Kolachi is Karachi’s newest eatery on the DHA Phase 8 Beach Avenue now lovingly called ‘Do-Dariya’. It’s the area just beyond Seaview what used to be Devil’s Point.
Every time we visit that place, there’s a new restaurant up and running. This time we found Al-Habib going full swing with a couple of other restaurants all slated to open with a bang.
All the restaurants at Dodariya look like the same, give or take a few adjustments. But for some reason, we felt Kolachi’s décor was a notch above the rest. For one, Kolachi has innovated on the standard design of this street by adding three decks to the place instead of the standard two. So by sitting at the top third, you can enjoy a bird’s eyeview of the whole place. And it is a magnificent sight.
The seating arrangement as well is a tad better than the rest, making use of sofa chairs as well as oversized sofas to make the customers at ease. Compared with Sajjad, this is definitely a big improvement.
We tested what we felt were the specialties of Kolachi restaurant in karachi.
Paneer Reshmi was good but not as delectable as the Paneer Handi at Makkah Hotel on Super Highway just after crossing the toll plaza. We would have fallen in love with paneer reshmi had we not been exposed to superior taste.
So what exactly was wrong with paneer reshmi? Nothing. It’s just that it doesn’t look or taste like your standard desi cuisine. How do we put this? It veered on the demarcation line between desi and continental cuisine. It was something that didn’t gel in with a nan or paratha but wouldn’t have cut it out even with fried rice or some other continental concoction.
Apart from that, it was sumptuous and creamy, and heavy, mind you, enough to give your heart a real shock.
The Lebanese Kabab was anything but Lebanese. They tasted like a distant cousin of seekh kabab. Almost all Lebanese dishes are made from lamb meat, and these kababs were of mutton. That goes on to show the seriousness in coming up with a dish that is truly Lebanese.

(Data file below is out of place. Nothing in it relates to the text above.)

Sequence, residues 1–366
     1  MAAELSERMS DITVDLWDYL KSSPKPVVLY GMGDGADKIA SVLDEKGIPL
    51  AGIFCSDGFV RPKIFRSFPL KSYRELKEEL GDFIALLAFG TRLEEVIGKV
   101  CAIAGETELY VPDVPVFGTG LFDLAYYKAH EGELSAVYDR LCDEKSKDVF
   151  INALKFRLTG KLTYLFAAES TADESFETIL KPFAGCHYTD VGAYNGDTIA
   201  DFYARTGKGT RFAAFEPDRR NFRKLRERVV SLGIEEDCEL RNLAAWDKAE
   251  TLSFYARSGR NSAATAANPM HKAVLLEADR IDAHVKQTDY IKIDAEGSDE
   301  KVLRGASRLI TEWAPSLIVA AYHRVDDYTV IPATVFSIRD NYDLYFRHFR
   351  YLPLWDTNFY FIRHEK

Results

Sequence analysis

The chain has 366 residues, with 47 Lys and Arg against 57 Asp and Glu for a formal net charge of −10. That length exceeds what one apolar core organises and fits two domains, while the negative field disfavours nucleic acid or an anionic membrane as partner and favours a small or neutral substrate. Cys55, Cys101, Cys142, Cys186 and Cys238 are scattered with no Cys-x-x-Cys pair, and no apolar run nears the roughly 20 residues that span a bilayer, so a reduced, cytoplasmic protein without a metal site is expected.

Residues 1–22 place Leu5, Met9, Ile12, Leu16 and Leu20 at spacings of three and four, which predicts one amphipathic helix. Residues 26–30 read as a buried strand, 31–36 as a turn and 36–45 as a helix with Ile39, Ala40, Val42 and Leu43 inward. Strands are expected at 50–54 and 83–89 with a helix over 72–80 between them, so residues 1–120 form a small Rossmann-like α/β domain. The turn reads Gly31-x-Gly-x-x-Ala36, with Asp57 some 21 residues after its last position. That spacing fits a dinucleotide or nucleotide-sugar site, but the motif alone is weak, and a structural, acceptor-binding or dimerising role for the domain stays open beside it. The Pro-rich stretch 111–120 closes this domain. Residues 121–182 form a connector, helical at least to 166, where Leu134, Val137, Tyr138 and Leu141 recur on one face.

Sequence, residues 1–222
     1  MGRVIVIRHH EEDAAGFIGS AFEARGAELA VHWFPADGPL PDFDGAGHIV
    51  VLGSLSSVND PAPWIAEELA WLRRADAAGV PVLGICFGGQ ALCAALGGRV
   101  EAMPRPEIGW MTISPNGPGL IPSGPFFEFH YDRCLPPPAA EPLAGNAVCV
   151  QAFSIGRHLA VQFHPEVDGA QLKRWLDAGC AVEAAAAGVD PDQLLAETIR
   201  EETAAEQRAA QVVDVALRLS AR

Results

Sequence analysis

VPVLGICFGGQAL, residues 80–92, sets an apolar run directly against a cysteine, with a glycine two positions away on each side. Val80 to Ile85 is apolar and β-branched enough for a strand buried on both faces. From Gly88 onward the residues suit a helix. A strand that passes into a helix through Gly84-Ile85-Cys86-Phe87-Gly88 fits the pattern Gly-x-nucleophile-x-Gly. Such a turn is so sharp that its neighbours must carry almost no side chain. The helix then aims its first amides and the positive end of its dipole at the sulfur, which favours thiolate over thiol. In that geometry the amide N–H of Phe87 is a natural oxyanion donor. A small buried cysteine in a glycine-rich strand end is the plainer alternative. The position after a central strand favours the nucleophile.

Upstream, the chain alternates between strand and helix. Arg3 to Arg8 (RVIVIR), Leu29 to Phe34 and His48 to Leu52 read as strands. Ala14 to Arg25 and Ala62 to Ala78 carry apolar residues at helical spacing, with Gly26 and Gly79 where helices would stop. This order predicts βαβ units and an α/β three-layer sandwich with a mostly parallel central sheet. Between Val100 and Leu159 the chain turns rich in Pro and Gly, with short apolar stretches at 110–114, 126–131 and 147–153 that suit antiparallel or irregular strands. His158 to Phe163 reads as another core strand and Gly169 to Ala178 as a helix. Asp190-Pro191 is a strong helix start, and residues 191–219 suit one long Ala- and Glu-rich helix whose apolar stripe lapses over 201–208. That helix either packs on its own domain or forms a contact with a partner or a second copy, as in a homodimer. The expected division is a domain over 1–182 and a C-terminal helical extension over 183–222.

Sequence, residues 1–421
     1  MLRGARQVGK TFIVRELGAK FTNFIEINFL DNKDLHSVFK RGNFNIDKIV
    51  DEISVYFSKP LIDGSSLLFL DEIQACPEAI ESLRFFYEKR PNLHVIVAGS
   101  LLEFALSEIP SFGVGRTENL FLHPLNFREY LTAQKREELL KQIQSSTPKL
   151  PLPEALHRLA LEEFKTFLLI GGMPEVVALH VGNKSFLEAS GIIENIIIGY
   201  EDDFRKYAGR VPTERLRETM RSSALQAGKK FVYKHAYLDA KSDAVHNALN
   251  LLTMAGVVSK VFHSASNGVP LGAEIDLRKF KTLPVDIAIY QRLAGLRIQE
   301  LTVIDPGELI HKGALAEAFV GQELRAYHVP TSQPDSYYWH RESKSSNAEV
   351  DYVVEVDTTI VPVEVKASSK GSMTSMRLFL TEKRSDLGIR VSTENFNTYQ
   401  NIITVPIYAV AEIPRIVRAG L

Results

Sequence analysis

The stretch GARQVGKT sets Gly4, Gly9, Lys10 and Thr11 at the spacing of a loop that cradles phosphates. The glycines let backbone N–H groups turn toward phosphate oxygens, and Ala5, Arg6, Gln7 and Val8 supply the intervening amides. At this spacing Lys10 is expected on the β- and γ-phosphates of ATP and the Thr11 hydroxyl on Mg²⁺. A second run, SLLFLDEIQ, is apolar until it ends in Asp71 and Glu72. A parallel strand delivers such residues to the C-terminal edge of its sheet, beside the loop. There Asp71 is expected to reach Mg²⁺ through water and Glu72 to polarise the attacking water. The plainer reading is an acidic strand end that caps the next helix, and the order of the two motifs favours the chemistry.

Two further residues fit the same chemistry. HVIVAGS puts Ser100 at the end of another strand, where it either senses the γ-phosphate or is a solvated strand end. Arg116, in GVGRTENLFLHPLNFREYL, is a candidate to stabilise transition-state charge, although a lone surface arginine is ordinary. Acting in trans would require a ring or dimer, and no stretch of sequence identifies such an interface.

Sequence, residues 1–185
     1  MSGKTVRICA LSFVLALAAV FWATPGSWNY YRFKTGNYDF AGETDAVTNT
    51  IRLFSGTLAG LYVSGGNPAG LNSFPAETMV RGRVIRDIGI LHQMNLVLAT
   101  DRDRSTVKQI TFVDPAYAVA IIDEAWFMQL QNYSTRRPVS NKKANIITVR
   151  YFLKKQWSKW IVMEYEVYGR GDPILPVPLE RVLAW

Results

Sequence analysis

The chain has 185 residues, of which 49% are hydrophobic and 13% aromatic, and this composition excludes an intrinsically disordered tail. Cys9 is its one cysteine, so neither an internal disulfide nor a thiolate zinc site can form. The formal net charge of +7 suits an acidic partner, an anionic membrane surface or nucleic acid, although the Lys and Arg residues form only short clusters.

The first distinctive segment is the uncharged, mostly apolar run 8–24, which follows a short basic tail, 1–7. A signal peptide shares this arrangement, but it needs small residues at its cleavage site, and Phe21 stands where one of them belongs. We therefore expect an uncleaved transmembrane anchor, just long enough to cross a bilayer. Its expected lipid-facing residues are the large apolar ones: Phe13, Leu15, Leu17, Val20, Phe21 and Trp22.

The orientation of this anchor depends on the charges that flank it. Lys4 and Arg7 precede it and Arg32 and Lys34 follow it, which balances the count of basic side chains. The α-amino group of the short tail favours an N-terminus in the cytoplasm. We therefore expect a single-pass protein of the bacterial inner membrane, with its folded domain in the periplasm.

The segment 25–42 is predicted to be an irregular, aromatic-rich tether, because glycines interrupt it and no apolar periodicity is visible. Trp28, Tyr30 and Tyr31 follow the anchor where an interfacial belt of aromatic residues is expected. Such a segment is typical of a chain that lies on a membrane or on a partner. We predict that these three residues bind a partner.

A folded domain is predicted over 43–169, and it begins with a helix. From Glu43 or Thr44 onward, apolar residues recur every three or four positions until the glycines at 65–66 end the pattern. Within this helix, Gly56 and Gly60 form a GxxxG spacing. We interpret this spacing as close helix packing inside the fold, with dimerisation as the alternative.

Garlic nan was bitterly disappointing. It was cold and rough and didn’t have even a semblance of garlic essence.
Kolachi’s special nan fared better. The paratha didn’t have the right balance of crispiness and softness which you could find at the top bbq experts like Kaybees. Moreover, it had a tinge of sweetness which according to convention shouldn’t be there.
One major shortcoming of not just Kolachi but all eateries on the Do-dariya strip is the exorbitant prices of the roti. Nothing costs less than Rs.50, not even a simple nana which can be had for as little as Rs.10 in the city. But what’s even more criminal is the size of that bread; it’s almost half the size of a standard nan.
Kolachi is a new entrant and had a golden opportunity to come up with something different on the nan and roti issue, either in terms of price or size. Unfortunately, they chose to go the evil way of other restaurants on this issue.
Overall we had a good experience at Kolachi, in terms of ambience, food and service. Although the serving time was told to be 20 minutes, the food arrived before that.
On the looks of it, Kolachi doesn’t offer anything extraordinary- it has the same amenities and the same menu like all the other restaurants on Dodariya. However it’s taste and décor may well take it above the rest of the pack if it continues to dish out quality stuff with consistency.
Overall a good place to hang out.